Tom MacMaster, the man behind the
‘A Gay Girl in Damascus’ blog.
A 40-year-old American man has confessed to being the mysterious lesbian blogger who it was feared had been abducted by Syrian security forces in Damascus.
Last week, international media reported that Amina Abdallah Araf al Omari, a Syrian-American who published the ‘A Gay Girl in Damascus’ blog, had been kidnapped in the city’s streets, based on claims written on the blog by her cousin.
The matter become increasingly suspicious when no one could be found who had actually met the blogger in the flesh.
Pictures that Araf posted of herself were identified as having been taken from a British woman’s Facebook profile.
On Sunday, the truth finally came out.
Tom MacMaster, described as a a Middle East peace activist, admitted that he was the person behind the blog. For at least five years he used the fictional persona of a Syrian-American lesbian woman to highlight human rights abuses in Syria.
He even conducted a virtual lesbian relationship with Sandra Bagaria, a French Canadian woman who exchanged hundreds of emails with Araf.
Publishing his apology on the ‘A Gay Girl in Damascus’ blog, MacMaster said that he never “expected this level of attention.”
“While the narrative voice may have been fictional, the facts on this blog are true and not misleading as to the situation on the ground,” he wrote.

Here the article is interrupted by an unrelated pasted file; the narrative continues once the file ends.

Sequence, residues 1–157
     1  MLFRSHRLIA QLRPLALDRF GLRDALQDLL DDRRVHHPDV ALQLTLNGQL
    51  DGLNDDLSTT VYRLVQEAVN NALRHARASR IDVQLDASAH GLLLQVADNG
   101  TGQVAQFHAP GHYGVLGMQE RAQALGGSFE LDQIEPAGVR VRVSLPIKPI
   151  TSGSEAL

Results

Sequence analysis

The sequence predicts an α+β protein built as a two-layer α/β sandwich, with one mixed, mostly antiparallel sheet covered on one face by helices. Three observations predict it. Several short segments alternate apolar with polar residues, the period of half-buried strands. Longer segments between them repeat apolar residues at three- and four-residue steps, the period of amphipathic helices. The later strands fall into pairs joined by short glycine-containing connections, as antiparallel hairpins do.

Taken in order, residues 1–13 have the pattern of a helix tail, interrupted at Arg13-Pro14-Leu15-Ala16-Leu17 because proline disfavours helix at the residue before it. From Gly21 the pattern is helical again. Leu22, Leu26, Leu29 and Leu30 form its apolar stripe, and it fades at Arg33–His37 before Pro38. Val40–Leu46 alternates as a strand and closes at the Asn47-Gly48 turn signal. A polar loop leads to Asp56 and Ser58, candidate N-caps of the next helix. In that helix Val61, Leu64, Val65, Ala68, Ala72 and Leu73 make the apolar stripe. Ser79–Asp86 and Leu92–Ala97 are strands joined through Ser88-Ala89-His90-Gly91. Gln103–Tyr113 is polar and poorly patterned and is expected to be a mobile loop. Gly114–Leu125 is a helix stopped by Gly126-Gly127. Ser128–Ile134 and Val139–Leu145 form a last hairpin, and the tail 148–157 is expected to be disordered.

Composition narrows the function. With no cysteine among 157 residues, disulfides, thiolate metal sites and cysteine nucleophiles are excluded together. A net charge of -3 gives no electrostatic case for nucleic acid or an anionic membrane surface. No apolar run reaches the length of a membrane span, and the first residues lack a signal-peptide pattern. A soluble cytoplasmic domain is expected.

“I do not believe that I have harmed anyone — I feel that I have created an important voice for issues that I feel strongly about.”
It is unclear where MacMaster is presently located. Some reports say that he is at the University of Edinburgh, where he is a graduate student, but according to his blog message he is in Istanbul, Turkey.
MacMaster said that “this experience has sadly only confirmed my feelings regarding the often superficial coverage of the Middle East and the pervasiveness of new forms of liberal Orientalism.”
He added: “I have been deeply touched by the reactions of readers.”
Many supporters of Araf and her blog reacted with anger.
“To Mr MacMaster, I say shame on you!!!” wrote The editor of GayMiddleEast.com. “Your apology is not accepted. Since I have myself started to investigate Amina’s arrest I could have put myself in a grave danger inquiring about a fictitious figure. Really … Shame on you!!!”